“While some of our habits are acquired by choosing to engage in certain practices (e.g., signing up for drivers’ ed. or registering for piano lessons), many are acquired without our knowing it. And this might happen especially when we are unaware of it. If we are inattentive to the formative role of practices, or if we treat some practices as thin when they are thick, then we will be inattentive to all the ways that such practices unwittingly and unintentionally become automated. We will fail to recognize that they are forming in us habits and desires, oriented to particular ends that function to draw us toward those ends at an affective, unconscious level such that we become certain kinds of people without even being aware of it.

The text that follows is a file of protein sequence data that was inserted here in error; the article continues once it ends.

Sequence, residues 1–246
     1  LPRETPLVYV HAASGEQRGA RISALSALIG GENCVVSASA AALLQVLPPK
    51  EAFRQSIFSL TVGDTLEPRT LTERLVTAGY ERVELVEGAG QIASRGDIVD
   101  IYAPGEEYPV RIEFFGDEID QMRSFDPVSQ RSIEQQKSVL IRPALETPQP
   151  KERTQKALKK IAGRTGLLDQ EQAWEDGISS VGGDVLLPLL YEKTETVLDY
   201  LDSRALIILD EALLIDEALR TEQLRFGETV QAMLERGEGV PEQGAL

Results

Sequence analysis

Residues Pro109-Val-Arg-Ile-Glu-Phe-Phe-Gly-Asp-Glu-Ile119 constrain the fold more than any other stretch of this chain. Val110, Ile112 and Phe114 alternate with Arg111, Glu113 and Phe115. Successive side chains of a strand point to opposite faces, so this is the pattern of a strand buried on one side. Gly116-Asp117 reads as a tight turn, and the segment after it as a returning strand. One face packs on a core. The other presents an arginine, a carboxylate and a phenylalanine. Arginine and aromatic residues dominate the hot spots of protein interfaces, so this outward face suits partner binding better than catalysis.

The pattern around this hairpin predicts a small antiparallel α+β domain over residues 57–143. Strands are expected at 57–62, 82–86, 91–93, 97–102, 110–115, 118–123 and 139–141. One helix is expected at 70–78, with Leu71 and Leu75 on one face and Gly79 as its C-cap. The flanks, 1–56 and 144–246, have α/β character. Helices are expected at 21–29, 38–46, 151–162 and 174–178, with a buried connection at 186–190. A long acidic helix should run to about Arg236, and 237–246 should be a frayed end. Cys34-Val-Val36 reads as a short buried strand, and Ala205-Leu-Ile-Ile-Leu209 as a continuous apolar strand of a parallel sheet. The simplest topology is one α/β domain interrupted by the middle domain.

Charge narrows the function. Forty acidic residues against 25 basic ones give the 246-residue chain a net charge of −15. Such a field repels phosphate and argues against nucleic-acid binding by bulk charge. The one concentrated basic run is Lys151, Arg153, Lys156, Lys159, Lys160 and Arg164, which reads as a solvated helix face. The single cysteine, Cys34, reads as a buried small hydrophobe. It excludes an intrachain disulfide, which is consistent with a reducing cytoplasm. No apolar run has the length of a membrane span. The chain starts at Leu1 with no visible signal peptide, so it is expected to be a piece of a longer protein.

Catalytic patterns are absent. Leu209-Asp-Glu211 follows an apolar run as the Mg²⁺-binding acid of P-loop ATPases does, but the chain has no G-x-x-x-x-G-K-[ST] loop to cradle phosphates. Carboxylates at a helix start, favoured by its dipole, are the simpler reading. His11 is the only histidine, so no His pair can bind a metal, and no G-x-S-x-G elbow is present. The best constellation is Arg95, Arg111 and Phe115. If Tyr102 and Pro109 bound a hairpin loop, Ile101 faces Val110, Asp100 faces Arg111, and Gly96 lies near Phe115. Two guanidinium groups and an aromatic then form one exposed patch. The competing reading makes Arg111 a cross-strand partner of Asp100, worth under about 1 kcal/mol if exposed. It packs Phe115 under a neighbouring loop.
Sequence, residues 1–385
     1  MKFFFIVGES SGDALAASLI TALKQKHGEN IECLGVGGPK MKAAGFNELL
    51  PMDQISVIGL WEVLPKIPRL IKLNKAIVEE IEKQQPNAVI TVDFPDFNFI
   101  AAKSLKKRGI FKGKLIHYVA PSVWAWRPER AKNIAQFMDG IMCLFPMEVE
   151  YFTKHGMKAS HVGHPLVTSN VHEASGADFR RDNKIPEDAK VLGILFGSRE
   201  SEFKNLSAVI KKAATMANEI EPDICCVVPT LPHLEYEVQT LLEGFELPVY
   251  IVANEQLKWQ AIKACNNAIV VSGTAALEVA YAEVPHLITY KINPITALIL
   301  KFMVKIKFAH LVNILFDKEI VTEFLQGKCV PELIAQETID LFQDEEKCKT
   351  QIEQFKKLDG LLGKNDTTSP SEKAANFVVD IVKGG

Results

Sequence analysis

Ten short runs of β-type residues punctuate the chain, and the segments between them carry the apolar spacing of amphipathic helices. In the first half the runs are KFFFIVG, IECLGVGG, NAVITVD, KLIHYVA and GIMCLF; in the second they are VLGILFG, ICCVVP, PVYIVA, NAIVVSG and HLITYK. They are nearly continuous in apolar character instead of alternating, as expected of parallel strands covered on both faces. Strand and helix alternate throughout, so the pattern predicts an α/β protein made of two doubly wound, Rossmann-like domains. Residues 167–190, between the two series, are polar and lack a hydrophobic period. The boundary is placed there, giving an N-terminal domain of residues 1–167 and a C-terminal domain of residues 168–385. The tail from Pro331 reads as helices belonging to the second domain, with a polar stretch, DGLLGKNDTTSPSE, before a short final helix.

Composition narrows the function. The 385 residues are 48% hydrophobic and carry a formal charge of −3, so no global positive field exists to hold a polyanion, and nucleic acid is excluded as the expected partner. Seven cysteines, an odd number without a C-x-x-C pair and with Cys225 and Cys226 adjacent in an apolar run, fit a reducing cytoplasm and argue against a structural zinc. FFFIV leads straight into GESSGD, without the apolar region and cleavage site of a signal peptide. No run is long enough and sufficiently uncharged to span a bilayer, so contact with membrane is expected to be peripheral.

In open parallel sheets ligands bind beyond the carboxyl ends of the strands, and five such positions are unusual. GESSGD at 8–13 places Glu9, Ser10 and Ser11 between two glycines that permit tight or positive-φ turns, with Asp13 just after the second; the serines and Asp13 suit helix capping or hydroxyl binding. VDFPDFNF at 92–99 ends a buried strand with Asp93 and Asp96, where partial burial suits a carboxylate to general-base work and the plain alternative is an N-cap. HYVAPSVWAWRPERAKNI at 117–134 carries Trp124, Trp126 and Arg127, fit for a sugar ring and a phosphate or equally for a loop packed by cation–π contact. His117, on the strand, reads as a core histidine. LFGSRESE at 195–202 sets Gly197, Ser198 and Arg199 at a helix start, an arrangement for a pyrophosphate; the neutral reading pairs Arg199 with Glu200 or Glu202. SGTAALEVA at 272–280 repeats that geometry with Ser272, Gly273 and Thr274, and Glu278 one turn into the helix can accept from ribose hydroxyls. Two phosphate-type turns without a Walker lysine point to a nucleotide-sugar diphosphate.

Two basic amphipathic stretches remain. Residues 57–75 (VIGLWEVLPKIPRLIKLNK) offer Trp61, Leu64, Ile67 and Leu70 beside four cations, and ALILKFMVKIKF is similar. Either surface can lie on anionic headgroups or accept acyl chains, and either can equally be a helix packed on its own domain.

Liturgies are rituals of ultimate concern: rituals that are formative for identity, that inculcate particular visions of the good life, and do so in a way that means to trump other ritual formations. Our thickest practices – which are not necessarily linked to institutional religion – have a liturgical function insofar as they are a certain species of ritual practice that aim to do nothing less than shape our identity by shaping our desire for what we envision as the kingdom – the ideal of human flourishing.”
James K.A. Smith, “Love Takes Practice” in Desiring the Kingdom, pp. 85-87
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